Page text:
What is it about?
Due to the emergence of COVID-19, pooled testing has gained significant attention as a method for allocating testing resources more efficiently. Aiming to identify infected individuals in a group of people with as few tests as possible, the most common strategy for pooled testing is simple; take samples from all the people in the group, separate them into pools, mix the samples of each pool, and perform one test for each mixed sample. If the mixed sample of a pool turns out positive, retest all the initial samples of the people in that pool individually. Otherwise, classify everyone in the pool as negative. In that context, we propose a novel pooled testing method, which is specifically designed to minimize the total number of required tests, when the group of people to be tested is selected via contact tracing. Our method utilizes contextual epidemiological information at the time of testing, and we show via a variety of simulation experiments that it significantly decreases the expected number of tests, especially in the presence of strong superspreading effects.
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Why is it important?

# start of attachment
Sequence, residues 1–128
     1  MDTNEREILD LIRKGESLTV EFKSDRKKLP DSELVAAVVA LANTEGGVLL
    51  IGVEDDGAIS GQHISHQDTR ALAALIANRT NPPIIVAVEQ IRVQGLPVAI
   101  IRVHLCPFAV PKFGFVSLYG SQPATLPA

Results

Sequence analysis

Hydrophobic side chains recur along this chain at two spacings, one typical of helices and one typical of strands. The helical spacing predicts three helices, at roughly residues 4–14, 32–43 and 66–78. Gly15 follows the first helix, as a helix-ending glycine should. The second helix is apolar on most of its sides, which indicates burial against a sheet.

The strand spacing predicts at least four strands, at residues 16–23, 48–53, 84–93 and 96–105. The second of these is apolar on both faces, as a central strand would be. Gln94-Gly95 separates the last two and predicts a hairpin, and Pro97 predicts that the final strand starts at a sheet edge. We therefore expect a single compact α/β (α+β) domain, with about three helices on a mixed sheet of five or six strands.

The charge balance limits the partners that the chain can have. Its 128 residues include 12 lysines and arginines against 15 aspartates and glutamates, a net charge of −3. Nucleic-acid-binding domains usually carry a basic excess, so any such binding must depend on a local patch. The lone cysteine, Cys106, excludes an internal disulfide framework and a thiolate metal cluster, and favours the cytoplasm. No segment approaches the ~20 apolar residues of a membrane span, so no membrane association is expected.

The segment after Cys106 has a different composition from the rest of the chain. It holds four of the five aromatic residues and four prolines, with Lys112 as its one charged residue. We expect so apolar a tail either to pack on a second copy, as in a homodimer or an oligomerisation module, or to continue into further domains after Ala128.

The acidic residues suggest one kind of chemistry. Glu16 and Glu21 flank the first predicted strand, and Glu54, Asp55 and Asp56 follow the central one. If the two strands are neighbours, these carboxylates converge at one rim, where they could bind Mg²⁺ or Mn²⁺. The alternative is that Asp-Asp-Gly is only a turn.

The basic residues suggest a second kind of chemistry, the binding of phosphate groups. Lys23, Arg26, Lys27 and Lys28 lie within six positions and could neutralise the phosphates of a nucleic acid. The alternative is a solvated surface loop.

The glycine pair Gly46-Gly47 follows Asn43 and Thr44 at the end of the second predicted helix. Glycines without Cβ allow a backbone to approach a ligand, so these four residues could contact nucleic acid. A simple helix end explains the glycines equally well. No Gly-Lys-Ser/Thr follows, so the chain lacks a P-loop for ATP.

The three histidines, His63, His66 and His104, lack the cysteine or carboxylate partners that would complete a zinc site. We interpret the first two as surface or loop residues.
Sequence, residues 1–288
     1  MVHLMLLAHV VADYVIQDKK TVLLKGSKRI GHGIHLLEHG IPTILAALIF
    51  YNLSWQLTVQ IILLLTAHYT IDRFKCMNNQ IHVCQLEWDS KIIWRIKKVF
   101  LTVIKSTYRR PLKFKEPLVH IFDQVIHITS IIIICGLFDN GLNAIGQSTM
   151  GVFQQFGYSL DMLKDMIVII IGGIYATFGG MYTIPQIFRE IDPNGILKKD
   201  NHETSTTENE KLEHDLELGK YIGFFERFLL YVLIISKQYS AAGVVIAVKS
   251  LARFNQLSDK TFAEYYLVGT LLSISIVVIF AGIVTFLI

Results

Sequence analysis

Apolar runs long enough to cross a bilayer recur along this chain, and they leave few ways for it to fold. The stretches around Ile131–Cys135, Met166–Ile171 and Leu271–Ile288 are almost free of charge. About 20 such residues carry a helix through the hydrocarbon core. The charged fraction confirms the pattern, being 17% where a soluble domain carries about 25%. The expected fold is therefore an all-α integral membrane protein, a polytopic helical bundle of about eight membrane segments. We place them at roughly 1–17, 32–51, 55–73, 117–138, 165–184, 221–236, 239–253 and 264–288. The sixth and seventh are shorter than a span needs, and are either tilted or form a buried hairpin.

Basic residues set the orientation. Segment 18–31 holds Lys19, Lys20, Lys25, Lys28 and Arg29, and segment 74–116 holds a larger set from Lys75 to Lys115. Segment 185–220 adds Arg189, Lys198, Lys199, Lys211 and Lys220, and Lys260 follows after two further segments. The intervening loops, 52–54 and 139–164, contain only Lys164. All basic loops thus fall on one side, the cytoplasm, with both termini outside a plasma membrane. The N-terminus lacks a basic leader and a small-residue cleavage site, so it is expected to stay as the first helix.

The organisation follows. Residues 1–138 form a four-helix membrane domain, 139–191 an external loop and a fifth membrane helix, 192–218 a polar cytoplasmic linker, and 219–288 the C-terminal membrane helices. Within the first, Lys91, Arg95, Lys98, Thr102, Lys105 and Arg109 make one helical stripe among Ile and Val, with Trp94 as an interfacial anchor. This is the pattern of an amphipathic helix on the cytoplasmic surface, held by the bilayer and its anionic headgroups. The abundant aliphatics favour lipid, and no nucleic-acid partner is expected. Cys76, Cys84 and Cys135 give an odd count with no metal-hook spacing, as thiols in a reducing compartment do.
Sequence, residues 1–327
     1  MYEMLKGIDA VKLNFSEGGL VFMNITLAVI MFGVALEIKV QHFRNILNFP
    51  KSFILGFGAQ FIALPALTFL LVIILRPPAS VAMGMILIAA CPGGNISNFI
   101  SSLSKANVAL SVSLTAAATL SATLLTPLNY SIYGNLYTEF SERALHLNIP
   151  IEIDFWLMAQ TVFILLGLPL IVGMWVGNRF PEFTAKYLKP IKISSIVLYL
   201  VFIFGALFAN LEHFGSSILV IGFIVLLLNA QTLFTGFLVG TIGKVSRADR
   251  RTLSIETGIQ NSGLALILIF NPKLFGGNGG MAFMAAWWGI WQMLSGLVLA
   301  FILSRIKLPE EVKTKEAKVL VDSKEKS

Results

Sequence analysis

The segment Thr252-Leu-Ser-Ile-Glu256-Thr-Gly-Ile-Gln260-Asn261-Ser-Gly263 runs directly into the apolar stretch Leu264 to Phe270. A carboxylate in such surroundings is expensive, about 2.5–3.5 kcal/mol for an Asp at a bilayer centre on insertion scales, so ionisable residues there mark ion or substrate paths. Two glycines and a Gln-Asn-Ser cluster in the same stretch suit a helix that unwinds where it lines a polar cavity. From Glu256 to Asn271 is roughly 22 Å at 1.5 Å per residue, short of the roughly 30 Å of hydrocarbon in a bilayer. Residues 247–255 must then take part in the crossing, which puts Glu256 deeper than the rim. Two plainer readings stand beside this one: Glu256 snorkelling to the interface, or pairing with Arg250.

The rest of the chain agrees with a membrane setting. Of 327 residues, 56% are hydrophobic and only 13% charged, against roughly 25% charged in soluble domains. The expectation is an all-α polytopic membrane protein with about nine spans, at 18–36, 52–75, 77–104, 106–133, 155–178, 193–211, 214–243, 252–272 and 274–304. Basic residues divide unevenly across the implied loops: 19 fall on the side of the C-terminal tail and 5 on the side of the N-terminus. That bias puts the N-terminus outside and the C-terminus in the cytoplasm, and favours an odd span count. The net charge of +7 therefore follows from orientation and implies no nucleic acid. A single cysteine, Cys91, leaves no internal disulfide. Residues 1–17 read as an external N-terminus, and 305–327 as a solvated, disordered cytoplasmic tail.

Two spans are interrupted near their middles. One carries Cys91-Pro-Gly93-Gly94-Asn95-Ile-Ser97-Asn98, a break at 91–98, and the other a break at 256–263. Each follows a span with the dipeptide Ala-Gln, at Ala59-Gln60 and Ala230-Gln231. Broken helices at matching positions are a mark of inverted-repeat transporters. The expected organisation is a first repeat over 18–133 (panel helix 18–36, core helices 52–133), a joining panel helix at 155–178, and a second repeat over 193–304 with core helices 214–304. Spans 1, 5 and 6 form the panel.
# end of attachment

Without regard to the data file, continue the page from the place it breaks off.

Although there are numerous pooled testing approaches in the literature, the majority of them are agnostic to the circumstances of contagion encountered during contact tracing. However, our experience from COVID-19 has shown that, especially in the early stages of a pandemic, individuals for whom a test is ordered are usually traced contacts of an infectious person. Moreover, it has been observed that superspreading—the situation where many infect just a few but a few infect many—is a key element of COVID-19 and other infectious diseases before it. In that context, our experimental results highlight the fact that a significant amount of tests can be saved, when the dynamics of disease transmission in a community are taken into consideration during the development of the respective pooled testing strategy. This can be of particular importance in communities where the available testing resources are either too costly or severely limited.
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This page is a summary of: Pooled testing of traced contacts under superspreading dynamics, PLoS Computational Biology, March 2022, PLOS, DOI: 10.1371/journal.pcbi.1010008.
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